2. Marry for keeps. Too many people, when they get married, are already planning their escape. They enter into the union thinking, "Oh well, if it doesn't work out, I can always get divorced." When a marriage starts with that premise, it becomes a self-fulfilling prophecy. Don't plan on getting divorced. Marry for keeps.
  3. Hang on tight. There are a lot of forces in the world today, trying to tear marriages apart. They're very strong, and they're very effective. To make a marriage work, you have to hang on tightly to each other, making your spouse your top priority in life, abandoning everybody and everything else in the world, if necessary, in order to stay together. Don't let go — hang on tight.

Most marriages that fail, fail because one or both spouses overlooked or ignored at least one of these rules.

Zyzmog's Three Laws of Motion

Newton had his laws of motion, and I have mine. Three laws of vehicular motion, that is, and two corollaries.

Zyzmog's First Law of Motion:
Any car can go fast downhill.

Zyzmog's Second Law of Motion:
You can only go as fast as the car in front of you.

First Corollary to Zyzmog's Second Law:
Always have a bird dog.

Second Corollary to Zyzmog's Second Law:
Never be the bird dog.

Zyzmog's Third Law of Motion:
No two vehicles can occupy the same point in space at the same time.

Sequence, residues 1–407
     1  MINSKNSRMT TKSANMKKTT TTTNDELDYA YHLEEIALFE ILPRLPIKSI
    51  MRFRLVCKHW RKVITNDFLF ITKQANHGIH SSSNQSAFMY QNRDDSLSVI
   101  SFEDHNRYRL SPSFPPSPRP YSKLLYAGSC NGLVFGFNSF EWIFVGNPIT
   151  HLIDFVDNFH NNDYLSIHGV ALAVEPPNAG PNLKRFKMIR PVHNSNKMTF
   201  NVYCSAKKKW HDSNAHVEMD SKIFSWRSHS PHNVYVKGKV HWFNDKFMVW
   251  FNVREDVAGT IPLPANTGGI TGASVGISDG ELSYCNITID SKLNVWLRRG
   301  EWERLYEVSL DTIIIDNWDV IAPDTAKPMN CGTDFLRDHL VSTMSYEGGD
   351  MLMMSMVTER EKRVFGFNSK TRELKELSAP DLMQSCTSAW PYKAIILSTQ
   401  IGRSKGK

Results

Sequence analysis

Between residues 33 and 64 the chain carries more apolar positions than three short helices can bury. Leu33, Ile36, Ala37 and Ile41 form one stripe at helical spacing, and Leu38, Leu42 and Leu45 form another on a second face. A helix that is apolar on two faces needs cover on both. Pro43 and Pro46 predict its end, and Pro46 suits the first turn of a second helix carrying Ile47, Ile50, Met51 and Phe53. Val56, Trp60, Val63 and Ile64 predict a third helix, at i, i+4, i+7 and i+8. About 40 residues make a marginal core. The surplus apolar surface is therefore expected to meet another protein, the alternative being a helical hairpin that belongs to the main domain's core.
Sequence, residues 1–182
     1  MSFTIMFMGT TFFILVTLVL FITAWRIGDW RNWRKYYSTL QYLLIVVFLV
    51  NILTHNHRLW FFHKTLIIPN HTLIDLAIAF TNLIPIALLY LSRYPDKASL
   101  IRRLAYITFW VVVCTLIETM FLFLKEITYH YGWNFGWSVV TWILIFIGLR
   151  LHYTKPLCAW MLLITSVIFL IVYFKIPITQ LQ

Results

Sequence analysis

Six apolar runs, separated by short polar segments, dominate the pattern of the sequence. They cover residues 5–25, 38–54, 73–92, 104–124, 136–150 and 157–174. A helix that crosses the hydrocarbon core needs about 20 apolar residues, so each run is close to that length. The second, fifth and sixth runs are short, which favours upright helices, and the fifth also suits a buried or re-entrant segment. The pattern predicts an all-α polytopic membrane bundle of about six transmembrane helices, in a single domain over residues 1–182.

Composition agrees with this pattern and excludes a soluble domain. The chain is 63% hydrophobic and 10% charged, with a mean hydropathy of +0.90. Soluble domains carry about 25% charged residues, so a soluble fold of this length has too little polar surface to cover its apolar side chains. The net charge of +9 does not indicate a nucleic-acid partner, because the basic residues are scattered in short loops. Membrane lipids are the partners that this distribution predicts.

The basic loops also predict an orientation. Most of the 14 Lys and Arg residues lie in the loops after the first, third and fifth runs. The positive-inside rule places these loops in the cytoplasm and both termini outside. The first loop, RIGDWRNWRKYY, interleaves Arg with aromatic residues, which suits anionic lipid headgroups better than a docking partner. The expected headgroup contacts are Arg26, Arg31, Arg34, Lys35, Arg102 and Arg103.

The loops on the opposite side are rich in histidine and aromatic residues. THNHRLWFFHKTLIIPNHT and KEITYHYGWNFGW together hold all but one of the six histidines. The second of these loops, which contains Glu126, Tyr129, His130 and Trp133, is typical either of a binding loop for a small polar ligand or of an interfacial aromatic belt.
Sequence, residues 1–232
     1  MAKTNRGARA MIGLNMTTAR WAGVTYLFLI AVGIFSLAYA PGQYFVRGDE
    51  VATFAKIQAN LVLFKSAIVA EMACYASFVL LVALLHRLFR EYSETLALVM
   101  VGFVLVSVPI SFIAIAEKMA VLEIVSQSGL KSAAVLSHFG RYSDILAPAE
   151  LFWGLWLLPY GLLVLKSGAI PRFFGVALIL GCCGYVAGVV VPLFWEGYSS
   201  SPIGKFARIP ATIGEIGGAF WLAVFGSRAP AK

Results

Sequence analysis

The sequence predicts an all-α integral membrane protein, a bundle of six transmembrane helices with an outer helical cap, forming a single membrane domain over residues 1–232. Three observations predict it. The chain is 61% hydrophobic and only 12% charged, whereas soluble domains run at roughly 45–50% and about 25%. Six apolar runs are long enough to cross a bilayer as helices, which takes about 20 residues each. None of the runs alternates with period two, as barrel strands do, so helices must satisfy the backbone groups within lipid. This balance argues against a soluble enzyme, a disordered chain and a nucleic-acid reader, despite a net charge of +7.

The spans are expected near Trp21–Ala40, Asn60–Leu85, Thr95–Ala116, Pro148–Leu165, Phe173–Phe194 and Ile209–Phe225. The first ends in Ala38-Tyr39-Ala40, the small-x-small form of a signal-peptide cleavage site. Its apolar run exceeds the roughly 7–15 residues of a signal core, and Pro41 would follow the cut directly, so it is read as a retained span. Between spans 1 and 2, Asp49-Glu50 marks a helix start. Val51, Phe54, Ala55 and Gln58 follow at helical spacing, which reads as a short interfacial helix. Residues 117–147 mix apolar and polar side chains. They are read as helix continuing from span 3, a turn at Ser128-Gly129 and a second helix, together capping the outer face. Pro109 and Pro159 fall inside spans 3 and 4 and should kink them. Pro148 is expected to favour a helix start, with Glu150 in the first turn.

UPDATE, 5 SEP 2014: I have discovered a Fourth Law of Motion. Go read about it here.

For those who need some clarification, a "bird dog" is a car that goes ahead of you, usually a tiny bit faster than you, to "flush the birdies out of the bushes" - to draw out the speed-limit-enforcement authorities so you don't have to worry about them.

If you have any questions about these Three Laws of Motion, post the question in a comment and I will respond with an answer.

Keys to having a good life



I had occasion this winter to write an answer to the question, "What is the key to having a good life?" Life is so complicated that it doesn't have a simple answer. What should be a short sentence is really a list of what I've learned in my first 54 years on earth. Excerpts from the litany at the end of the list can be found, like a benediction, at the end of every letter I write to my children.

Live within your means, stay out of debt, save for a rainy day.
Love your wife and children without reservations or conditions, and without judgment.
Always look for the fun and the humor in things.
Play with your children while they're young and while they grow up.
Treat your wife like a newlywed bride.
Keep God's commandments as strictly as you can.
Listen to your conscience.
Seek for eternal truth, and when you find it, hold onto it and treasure it.
Don't do anything that will cause you pain or regret down the road.
Care about somebody else more than yourself.
Get a hug from somebody every day.
Remember that you are a child of God, that He loves you and that He wants you to succeed.
And treat your children that same way.
Don't be afraid to love everyone.
Don't talk too much. Listen a lot more than you talk.
Eat candy, but don't get carried away with it.
Milk goes best with cookies.
Salt and pepper taste best when carefully applied to steak, medium rare.
Have fun, be safe, be good, buy low, sell high, work hard, play hard, pray hard, play guitar, kiss with your eyes closed, hug like it really matters, kiss like you really mean it.